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Welfare reform on the Web (September 2006): Social security - Overseas

Earned income tax credit policies: impact and optimality: the Adam Smith lecture 2005

R. Blundell

Labour Economics, vol.13, 2006, p.423-443

The aim of the research reported in this lecture is to evaluate the impact and assess the optimality of earned income tax credits policies specifically for lone parents. These policies have been at the centre of welfare to work reforms in the UK, the US and continental Europe. The objective is to balance poverty reduction in families with children and employment incentives. This lecture considers two key questions: 1) what is the impact of such in-work benefits on labour supply?; and 2) do they constitute an optimal income transfer for low income working families?

Income security in market economies: what’s wrong with insurance?

L. Haagh

Social Policy and Administration, vol.40, 2006, p.385-424

Unemployment insurance has emerged as a mainstream source of income support in developing countries. This article critically examines its use as a stand-alone scheme in highly insecure and uneven economies. Unemployment insurance on its own will protect only a minority of people in economies where flexible employment and job insecurity are rising and direct assistance may be a more effective form of income protection. The article suggests that optimal conditions for a voluntary system of unemployment insurance are those of social cohesion as they characterise some European economies, but few emergent economies.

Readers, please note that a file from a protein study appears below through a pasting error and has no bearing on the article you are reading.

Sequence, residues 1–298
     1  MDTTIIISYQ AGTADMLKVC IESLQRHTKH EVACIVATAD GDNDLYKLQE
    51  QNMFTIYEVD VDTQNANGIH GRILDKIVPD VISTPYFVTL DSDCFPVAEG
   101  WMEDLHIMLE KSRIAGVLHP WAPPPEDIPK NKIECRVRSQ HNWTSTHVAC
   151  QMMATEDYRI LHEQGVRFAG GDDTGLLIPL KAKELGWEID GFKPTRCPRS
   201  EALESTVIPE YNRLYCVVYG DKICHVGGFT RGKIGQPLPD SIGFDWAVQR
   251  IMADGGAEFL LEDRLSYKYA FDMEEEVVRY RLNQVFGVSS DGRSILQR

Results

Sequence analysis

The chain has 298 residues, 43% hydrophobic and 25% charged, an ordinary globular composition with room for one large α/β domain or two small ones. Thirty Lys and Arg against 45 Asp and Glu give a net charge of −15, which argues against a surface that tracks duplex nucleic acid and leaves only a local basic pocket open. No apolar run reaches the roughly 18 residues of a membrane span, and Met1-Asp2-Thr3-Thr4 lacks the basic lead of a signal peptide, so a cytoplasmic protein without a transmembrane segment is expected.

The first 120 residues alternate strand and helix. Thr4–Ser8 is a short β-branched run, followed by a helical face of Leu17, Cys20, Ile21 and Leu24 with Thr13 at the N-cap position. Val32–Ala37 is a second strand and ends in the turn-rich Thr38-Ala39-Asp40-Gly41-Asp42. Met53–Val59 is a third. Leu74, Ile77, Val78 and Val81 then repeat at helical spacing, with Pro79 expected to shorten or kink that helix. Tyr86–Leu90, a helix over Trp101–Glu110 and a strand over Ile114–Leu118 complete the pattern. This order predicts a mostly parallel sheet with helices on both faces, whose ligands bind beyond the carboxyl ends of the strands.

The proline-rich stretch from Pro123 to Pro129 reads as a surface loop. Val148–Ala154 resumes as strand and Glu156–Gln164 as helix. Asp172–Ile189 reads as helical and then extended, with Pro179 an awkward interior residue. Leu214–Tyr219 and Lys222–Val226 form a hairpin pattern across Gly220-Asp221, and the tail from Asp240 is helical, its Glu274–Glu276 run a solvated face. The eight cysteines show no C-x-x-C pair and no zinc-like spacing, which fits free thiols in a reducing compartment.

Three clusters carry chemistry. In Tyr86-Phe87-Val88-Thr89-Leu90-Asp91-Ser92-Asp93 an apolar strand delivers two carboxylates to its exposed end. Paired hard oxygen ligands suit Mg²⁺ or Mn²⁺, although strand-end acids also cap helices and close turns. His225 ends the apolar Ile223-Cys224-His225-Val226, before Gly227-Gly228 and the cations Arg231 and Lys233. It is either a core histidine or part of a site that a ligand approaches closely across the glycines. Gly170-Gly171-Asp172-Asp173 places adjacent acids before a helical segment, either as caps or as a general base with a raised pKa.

The use of contestability and flexibility in the delivery of welfare services in Australia and the Netherlands

H. Morrell and N. Branosky (editors)

London: Department for Work and Pensions, 2005

This report is based on interviews and information gathered during study visits to Australia and the Netherlands to examine each country’s experience with reforming its public employment services. In Australia, job placement and case management services have been contracted out to a network of private and voluntary sector providers. This quasi-market provides scope for competition, variable prices, some degree of choice for job seekers, flexibility in service delivery and rewards for better providers. In the Netherlands in the late 1990s a centre-right coalition government introduced market mechanisms that enabled private sector labour market reintegration companies to deliver services. Both countries provide lessons for the UK government.

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